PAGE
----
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Rolling Stone Australia and Bonds have created a Father’s Day calendar with proceeds going to Support Act. Featured artist Stevie Williams from Melbourne punk band Clowns pays tribute to his greatest support.

Clowns’ Stevie Williams and other musicians featured in Rolling Stone and Bonds’ Father’s Day calendar are all pictured wearing Bonds’ new Total Package™ underwear. Total Package™ undies are distinguished by their Total Support Pouch™, ensuring neat downstairs organisation.

Proceeds from the calendar are going to the music industry charity, Support Act, which delivers crisis relief services to musicians, managers and crew. In coordination with the calendar, each of the featured musicians has acknowledged one of their greatest supports—i.e., someone who’s played a significant role in enhancing their career prospects and general wellbeing.

Stevie Williams has fronted Melbourne punk band Clowns across four albums and more than ten years of touring. Here, Williams gives credit to his greatest support, the band’s manager Caleb Williams (UNIFIED Music Group).

Clowns’ Stevie Williams on his Greatest Support

Caleb didn’t start managing Clowns until the end of 2019, but over the years, he was always a constant figure and a bit of a mentor of ours.

We first met Caleb when Clowns was just starting to get touring opportunities. I think we’d been a band for three or four years and somewhere along the way we got the opportunity to go on tour with Bodyjar, which at the time was a crazy thing for us.

That’s a band that I used to listen to when I was much younger. Everybody knows them from the Tony Hawk’s Pro Skater 3 soundtrack, but I loved all their albums and they were super influential to me.

Caleb’s Bodyjar’s manager too and was tour managing them at the time. It was one of our first national support tours and we were the opening band. He was definitely very pragmatic in acknowledging that we were an under-experienced band of kids in their early 20s who just pulled some punk music together.

Caleb was always on our arses like, “Hey, your soundcheck is this time. Get on the fuckin’ stage. Where are you?” We never found him threatening, but we always knew that if he told us to do something, we had to get it done. He was also just super kind. The vibe I get is that maybe we reminded him of what he would’ve been like 15 years prior.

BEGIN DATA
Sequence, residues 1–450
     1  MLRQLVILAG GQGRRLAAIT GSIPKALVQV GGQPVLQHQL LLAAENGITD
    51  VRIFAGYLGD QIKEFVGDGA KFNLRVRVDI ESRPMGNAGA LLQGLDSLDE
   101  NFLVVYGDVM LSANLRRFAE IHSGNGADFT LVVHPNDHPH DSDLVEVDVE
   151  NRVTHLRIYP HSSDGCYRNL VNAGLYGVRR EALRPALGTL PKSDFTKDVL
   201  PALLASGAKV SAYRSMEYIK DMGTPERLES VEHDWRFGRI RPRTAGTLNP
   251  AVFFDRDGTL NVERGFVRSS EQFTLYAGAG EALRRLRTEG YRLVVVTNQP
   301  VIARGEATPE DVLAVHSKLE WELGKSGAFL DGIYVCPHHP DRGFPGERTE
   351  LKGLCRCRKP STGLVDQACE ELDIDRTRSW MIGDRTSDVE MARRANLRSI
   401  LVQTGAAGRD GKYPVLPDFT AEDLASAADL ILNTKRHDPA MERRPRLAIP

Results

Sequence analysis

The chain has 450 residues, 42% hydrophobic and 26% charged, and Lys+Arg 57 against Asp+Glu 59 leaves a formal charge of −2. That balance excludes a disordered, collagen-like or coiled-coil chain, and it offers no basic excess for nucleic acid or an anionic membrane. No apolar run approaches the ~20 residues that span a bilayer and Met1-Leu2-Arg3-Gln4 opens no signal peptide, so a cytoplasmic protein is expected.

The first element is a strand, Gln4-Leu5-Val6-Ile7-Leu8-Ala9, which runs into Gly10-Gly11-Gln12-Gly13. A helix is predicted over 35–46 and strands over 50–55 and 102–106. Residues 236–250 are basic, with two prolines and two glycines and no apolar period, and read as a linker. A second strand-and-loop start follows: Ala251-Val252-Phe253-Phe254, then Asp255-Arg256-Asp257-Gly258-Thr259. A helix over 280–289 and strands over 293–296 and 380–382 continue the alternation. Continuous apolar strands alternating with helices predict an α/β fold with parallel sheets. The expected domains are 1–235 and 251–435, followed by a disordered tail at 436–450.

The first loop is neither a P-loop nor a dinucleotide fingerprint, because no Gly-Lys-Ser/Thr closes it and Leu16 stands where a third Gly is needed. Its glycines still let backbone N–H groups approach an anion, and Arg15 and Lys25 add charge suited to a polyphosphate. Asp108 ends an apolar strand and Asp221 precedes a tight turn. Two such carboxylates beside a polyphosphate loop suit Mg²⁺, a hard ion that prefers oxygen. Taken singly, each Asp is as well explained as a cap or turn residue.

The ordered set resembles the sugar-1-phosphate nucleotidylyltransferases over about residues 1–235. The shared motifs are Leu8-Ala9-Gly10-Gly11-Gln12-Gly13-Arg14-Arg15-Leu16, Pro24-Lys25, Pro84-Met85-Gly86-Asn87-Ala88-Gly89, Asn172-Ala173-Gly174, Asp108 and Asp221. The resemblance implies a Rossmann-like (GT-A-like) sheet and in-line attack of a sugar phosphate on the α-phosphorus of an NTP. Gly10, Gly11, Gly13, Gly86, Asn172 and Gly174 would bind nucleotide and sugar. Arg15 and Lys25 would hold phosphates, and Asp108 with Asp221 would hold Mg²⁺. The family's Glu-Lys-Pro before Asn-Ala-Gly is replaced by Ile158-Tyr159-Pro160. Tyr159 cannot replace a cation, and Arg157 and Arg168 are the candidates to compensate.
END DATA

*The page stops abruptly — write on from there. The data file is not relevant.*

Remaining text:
When we parted ways with our old manager, Caleb was really the only person who we knew who we wanted to ask and that we trusted to do that. And it was a bit of a twist of fate that he was available and willing to take another band into his roster.

Since then, we get on the phone with Caleb weekly and he helps us strategise what we’re doing with the band. He’s always got our best interests at heart and totally understands that, as much as we’re trying to play the music game, we’re also just a punk band with our own ethics and stuff.

I think the reason there was a lot of mutual benefits to working with each other is that we both got each other very early on. He’d managed Bodyjar for many, many years and been involved in the punk world for many, many years.

I guess there’s an etiquette or an unspoken way that punk bands develop, which seems a little bit subsidiary to the way a lot of other artists behave or are best-managed. Caleb just got that straight away and that was the reason why we really didn’t have anyone else we thought would be fitting as our manager. We understand each other on a deeper level.

Sometimes Caleb just jumps on the phone with me if I’m having any of those crises—especially over the last couple of years—of like, “Everything’s fucked, I don’t know what I’m doing.” He gets on the phone, walks me away from the edge a little bit, tells me, “Things are going to be good.”

There’s a lot of that kind of stuff. It’s hard to explain, but we work good as a team. It doesn’t feel like a typical management/artist relationship. We work together and shoot the shit and talk super open and honestly about what we think might work for the band.

Right now, we’re hoping that by the end of this year we’re going to be listening to the mixes of our fifth album, and then next year we’re just going to put it out. And then once that drops, hopefully it’s going to feel like we’ve finally picked up where we left off pre-Covid.

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